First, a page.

And at any rate, I am so weary of responses that frame this conversation in terms of liberal / conservative. That evokes fights from the 20th Century that seem increasingly irrelevant as we go forward in a post-Christian context. It seems to me that Tillich and those unhappy with him were still both assuming the majority of Americans were going to be some ‘kind’ of Christian, liberal or otherwise. That is no longer the case. And the video clip in question does seem to want to speak to readers who don’t care or know about these differences.

    I’m tempted to dismiss you and many of the blogs on your roll as (neo)fundamentalist. But is that true? It seems to me it is different day. I hear from you more than just re-tread fundamentalism that is a bit more frienldy (‘look now we watch movies, and we are ok with some dancing’), but posts like the one above (and the whole response to Bell) make me wonder if I am wrong.

    Hope this isn’t too unclear, just a few notes on the fly…

  6. I don’t foresee Rob selling many copies of his latest book. Merely because the audience he once had has left him. I liked his other books. His book on Jesus wants to save Christians had some interesting points to think and grasp about. I particularly liked the idea of wealth requires resources to maintain along with military resources which can have unattended consequences. He uses Solomon as an example as he slowly compromises his principles in order to maintain his wealth. But his last book put the nail in the coffin for me to even bother with him anymore.

  7. Thanks for your kind and thoughtful response, JW. If that phrase was loaded, it was expressing frustration over the pretense that the book didn’t espouse a view on hell, atonement, or salvation. That frequent claim is insulting to the intelligence of readers.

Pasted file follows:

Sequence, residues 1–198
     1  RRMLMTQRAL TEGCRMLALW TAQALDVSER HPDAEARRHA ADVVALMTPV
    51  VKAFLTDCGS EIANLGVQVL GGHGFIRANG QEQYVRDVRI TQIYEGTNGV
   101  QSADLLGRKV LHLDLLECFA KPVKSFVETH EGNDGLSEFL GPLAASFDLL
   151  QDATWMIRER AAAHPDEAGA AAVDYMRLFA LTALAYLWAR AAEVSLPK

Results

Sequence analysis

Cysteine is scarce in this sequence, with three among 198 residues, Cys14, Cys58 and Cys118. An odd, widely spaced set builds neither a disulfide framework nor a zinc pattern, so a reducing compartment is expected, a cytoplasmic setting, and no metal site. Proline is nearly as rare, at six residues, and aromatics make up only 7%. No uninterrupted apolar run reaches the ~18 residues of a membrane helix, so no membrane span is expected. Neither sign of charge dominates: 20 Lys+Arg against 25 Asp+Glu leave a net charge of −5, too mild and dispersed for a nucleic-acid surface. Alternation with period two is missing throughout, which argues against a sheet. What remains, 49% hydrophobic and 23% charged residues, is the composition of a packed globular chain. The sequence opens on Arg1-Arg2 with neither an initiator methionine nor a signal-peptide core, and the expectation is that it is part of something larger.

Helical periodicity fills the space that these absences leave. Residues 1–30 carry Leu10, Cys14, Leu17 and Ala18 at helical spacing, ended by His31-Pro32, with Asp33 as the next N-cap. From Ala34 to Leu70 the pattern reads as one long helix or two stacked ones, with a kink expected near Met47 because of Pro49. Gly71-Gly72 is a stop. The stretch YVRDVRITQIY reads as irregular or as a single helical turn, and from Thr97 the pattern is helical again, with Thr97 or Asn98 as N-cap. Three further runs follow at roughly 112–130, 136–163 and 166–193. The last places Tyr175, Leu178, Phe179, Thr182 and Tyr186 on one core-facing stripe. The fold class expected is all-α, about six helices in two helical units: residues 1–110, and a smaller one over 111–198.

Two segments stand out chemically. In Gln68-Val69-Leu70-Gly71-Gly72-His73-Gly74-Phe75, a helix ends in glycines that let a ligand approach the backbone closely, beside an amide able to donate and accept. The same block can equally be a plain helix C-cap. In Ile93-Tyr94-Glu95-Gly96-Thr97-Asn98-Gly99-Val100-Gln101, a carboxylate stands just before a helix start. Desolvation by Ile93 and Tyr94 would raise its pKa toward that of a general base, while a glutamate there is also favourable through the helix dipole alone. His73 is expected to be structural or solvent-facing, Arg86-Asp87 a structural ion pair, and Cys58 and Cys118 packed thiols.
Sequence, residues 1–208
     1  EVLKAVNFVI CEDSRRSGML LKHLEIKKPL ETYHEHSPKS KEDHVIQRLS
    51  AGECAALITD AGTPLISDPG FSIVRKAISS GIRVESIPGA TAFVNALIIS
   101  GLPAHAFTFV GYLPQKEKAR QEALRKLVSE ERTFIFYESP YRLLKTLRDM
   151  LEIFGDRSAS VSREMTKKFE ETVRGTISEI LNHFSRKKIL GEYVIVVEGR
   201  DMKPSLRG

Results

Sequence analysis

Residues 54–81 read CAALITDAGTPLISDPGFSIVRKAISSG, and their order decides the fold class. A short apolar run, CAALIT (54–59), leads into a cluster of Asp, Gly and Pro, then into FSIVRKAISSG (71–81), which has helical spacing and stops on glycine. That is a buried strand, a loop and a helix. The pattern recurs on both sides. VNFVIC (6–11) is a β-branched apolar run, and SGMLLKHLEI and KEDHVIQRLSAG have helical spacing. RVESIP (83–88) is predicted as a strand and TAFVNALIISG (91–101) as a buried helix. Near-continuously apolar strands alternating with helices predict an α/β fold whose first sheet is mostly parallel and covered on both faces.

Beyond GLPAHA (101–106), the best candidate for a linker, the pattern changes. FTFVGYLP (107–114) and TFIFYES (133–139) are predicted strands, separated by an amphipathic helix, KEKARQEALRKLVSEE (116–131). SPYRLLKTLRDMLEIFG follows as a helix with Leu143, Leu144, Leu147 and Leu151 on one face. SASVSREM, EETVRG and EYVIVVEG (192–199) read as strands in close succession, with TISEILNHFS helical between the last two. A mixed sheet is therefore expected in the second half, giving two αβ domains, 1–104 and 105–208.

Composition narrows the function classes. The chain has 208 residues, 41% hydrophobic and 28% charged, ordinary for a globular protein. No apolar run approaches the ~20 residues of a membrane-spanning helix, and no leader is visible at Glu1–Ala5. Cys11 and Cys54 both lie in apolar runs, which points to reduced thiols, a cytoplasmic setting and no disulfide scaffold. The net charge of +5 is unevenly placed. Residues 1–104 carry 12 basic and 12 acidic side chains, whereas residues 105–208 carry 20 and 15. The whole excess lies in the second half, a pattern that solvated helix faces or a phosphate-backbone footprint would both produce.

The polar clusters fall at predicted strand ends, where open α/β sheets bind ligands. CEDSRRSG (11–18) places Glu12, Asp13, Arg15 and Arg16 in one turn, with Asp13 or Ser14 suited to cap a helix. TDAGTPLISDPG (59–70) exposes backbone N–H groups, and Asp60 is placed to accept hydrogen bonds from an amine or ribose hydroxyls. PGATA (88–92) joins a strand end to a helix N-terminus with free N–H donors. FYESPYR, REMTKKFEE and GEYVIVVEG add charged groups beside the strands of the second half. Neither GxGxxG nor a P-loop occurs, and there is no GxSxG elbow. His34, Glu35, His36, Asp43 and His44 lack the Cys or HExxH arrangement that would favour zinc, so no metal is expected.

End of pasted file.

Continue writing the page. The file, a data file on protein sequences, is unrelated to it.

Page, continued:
I suspect that we have different notions of what the gospel is and what is essential to pass on to the next generation. If we talked further, you might well conclude that my faith won’t survive in the 21st century, and I might come to think that your faith is no longer Christian. What we need is a Christian faith for the 21st century, and I think that your clarity is a step forward in that dialogue. We should both oppose vague notions that dampen discussion more than they help it. Let’s say what we mean and mean what we say. Though you and I most likely disagree on important matters, I respect you for having the courage of your convictions. Your clarity shows respect to me, and I thank you for it.

  8. Thanks Mike! I really appreicate that response. I’ll be reading…

  9. I want to see a picture of this trailer? Is it heaven on earth or hell on wheels?

  10. You can Google it Gary, but I strongly urge you not to watch it. I’m not sure if your heart is strong enough.

  11. ” but I think it would be wise for conservatives to see if Harper Collins can generate publicity on their own, without our help”

    Mike, aren’t you helping create some of that publicity with this post???

  12. Probably. That’s why this is a one-off and I didn’t link to anything, even my own book. Life is messy.

  13. I am totally convinced this is the right approach. Tell the big names.

  14. Frank, I thought we were the big names!

  15. RB has certainly proven something – He can market. He is a lousy exegete, theologian, historian and so on – but he certainly can market himself.
    For those who think he is still about the questions and not really “liberal” – Does the endorsement of Ken Wilbur (Buddhist/pantheist/whatever)and Bell’s own embrace of panentheism in Velvet Elvis – not predict the tract he was already on? Love Wins merely takes his panentheism to its logical extension.
    Does this make me a “neo”fundamentalist? Gee I don’t know – if so do I have to give up my Lynyrd Skynyrd albums?